Last I checked the 5 1/4" panel was around $200 per square for pre-painted.

BobG
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Re: hardie board

Post by BobG »

MattS wrote:The cost by linear foot is going to vary based on the reveal width. The least expensive profiles are 6 1/4", 7 1/4" and 8 1/4" (all are 12' long). The 5 1/4" panel is harder to get, more expensive and you typically have to buy it in increments of 200sqft at a time. It's easier to make an apples-to-apples comparison on the cost based on a price per "square" of coverage since you will have a greater percent of material overlapped with the smaller panels, and for cedar and other natural wood products the heights of the overlaps may be different.

Just as a point of reference, the big box stores are advetising the primed 8 1/4" panels now for $7.00 a piece.

15pc = 1 square, so:

15x$7.00=$105.00 per square.

The 6 1/4 and 7 1/4 are usually in the same ballpark, maybe 5% more. Generally the prepainted stuff is about $30-40 more per square, but IMO well worth it as the factory finish is almost certainly better than what you could apply in the field.

Last I checked the 5 1/4" panel was around $200 per square for pre-painted.
Matt, Thanks for the info, but I think you have just muddied the waters of my old brain ...

1. I guess that the Hardie board doesn't come in 6" width? and that my choices are 5 1/4, 6 1/4, or 7 1/4?

2. The reason I was trying to figure out the lineal foot price was to try and do an apples to apples comparison. My home has 6" bevel lap siding with about a 4" reveal. In order to keep the same shadow lines and angles, I would guess I'll need to go with the 6 1/4?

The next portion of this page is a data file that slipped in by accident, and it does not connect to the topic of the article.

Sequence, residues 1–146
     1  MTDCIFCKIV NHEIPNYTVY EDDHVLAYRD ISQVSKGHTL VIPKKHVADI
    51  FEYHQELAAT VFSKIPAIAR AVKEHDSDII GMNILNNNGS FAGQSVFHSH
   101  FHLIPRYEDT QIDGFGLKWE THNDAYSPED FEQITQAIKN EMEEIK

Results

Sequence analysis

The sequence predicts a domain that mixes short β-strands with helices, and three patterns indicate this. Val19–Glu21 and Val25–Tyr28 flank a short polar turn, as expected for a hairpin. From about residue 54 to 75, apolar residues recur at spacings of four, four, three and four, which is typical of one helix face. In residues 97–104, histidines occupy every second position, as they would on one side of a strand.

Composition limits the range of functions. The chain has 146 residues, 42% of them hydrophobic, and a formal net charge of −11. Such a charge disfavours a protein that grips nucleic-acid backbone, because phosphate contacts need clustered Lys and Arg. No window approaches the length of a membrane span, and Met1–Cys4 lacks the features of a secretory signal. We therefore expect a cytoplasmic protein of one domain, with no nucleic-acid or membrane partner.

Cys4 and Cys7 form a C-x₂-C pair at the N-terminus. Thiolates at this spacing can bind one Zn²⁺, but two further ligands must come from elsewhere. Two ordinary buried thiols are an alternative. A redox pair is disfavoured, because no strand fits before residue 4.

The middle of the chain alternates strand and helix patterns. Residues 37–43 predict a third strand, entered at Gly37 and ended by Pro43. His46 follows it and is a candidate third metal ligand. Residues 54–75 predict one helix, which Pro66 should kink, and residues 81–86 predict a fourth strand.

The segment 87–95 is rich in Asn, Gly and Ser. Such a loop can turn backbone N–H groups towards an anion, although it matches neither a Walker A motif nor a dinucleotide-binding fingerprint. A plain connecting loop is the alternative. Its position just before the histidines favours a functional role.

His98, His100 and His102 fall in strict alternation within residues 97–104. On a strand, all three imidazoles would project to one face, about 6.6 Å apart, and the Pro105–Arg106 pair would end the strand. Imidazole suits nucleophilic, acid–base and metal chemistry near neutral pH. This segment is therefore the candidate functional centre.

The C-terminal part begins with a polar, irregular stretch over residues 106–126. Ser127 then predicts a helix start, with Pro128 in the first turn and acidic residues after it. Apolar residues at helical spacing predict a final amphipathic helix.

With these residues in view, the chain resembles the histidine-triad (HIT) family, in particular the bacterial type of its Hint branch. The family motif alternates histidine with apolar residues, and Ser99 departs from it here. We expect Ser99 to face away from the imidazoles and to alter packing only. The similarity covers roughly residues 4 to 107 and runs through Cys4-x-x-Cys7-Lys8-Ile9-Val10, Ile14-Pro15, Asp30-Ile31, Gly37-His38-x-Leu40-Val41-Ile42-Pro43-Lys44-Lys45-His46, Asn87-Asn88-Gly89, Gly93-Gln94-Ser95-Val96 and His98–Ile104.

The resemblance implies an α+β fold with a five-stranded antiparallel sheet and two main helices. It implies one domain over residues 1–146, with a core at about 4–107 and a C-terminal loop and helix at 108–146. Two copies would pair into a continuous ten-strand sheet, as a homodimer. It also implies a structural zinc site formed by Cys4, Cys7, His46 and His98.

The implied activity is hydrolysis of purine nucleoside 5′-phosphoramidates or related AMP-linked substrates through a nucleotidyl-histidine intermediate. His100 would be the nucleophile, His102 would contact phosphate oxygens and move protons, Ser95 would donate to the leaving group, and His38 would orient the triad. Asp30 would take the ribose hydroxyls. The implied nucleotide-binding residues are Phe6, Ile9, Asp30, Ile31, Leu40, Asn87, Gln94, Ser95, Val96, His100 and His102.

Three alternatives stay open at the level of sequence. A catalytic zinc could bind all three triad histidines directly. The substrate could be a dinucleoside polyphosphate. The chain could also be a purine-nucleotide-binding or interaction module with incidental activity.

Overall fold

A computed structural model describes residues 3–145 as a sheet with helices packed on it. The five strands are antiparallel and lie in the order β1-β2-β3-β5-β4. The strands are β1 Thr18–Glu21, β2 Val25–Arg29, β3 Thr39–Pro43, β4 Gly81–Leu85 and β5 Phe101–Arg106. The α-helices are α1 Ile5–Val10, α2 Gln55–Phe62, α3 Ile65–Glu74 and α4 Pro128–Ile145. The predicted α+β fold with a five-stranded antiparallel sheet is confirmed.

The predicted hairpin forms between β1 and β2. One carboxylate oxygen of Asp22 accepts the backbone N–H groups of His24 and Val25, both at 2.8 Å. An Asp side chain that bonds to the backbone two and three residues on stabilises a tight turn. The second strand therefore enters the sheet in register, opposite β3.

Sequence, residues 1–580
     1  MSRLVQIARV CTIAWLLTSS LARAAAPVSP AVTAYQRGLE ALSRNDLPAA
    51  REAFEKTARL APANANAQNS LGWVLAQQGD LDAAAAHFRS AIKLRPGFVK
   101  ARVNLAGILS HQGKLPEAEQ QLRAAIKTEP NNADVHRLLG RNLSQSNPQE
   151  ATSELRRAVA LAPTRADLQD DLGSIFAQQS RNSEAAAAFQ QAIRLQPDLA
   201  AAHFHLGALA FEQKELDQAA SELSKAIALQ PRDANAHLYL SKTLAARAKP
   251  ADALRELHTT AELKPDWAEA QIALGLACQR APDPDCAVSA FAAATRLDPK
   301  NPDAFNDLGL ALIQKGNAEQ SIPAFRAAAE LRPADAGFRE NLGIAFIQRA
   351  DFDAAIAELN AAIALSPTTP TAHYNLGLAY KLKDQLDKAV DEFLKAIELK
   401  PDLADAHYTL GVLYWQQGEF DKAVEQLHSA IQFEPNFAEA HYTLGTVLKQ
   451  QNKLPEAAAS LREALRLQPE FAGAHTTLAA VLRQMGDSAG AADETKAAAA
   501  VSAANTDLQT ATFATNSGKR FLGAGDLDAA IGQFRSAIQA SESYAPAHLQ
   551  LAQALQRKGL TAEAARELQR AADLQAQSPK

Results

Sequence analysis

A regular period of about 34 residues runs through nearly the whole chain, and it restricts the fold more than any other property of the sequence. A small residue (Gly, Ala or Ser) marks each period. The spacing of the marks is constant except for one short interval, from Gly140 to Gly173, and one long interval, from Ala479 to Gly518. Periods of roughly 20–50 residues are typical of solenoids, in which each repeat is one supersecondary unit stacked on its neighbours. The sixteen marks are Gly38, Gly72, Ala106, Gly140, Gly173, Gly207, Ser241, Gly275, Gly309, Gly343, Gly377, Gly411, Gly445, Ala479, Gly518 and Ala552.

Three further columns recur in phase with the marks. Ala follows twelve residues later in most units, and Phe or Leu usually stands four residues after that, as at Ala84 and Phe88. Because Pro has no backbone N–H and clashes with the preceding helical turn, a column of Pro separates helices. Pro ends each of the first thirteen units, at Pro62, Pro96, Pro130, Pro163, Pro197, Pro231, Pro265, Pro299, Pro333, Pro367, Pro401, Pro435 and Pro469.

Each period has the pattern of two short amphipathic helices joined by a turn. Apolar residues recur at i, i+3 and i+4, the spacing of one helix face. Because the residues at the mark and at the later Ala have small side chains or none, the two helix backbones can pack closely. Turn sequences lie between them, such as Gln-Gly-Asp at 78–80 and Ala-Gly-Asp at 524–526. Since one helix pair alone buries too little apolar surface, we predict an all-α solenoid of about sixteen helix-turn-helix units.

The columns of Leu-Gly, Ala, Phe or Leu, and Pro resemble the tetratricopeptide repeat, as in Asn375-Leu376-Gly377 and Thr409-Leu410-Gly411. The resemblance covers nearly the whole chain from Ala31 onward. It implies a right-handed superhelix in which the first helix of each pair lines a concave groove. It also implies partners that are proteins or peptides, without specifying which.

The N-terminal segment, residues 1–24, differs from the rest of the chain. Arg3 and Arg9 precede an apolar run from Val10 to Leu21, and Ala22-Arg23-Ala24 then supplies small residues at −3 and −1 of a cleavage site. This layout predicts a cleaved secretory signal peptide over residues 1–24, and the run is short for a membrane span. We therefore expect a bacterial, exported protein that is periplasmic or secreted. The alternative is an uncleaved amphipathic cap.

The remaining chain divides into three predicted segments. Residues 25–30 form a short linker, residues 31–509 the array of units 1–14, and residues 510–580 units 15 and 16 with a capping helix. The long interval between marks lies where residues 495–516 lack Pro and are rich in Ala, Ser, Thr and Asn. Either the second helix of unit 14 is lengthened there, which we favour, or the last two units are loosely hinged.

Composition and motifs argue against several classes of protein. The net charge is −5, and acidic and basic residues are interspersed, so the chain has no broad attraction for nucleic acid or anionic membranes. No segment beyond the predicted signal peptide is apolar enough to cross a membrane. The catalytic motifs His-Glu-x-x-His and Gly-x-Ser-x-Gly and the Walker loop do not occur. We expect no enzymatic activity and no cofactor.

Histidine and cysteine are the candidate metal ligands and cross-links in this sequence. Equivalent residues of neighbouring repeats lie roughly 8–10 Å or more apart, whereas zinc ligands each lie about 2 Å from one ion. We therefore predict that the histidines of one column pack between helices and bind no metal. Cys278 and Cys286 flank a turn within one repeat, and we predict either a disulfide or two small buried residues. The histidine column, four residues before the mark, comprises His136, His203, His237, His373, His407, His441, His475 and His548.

3. I can get this stuff at Home Despot? Or Slowes?

4. I'm not going to go the extra expense of getting the factory pre-finished unless they offer them in Sherwin Williams' Rookwood Red, flat finish.
Square, Plumb, or Level ... Pick two.
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S Melissa
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Re: hardie board

Post by S Melissa »

Bob - I think you can get it at HD/lowes - but do check out local lumber yards, the prices may be better at the builder yards than at the DIY centers.

They have a number of colors - check it out - don't know if they have it in the color of your choice however. The factory paint job is supposed to be guaranteed for 15 yrs I believe. I think just about any new paint job should last that long however, if not longer on this stuff - fading will be the issue rather than peeling or other failure.
Melissa
Canton, MI
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MattS
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Re: hardie board

Post by MattS »

Matt, Thanks for the info, but I think you have just muddied the waters of my old brain ...

1. I guess that the Hardie board doesn't come in 6" width? and that my choices are 5 1/4, 6 1/4, or 7 1/4?

2. The reason I was trying to figure out the lineal foot price was to try and do an apples to apples comparison. My home has 6" bevel lap siding with about a 4" reveal. In order to keep the same shadow lines and angles, I would guess I'll need to go with the 6 1/4?
All the Hardie panels have a 1 1/4" lap, so your choices of exposure height are 4", 5", 6", or 7". If you want to maintain the 4" exposure, then you would have to compare the lineal foot price of the 6" bevel siding to the 5 1/4 hardie to get equivalent wall coverage . So just at a rough guestimate of $170 per square for unpainted 5 1/4" hardie the pricing would work out like this.

25pc = 1 sq
1pc = 12 linft
25x12=300 linft per square

$170/300 linft = ~ $0.57 per lineal ft.

As I said before, if you can live with a 5" or larger reveal, you'll save a bundle of money vs the 4", but first and foremost, get what you want and what looks right on the house.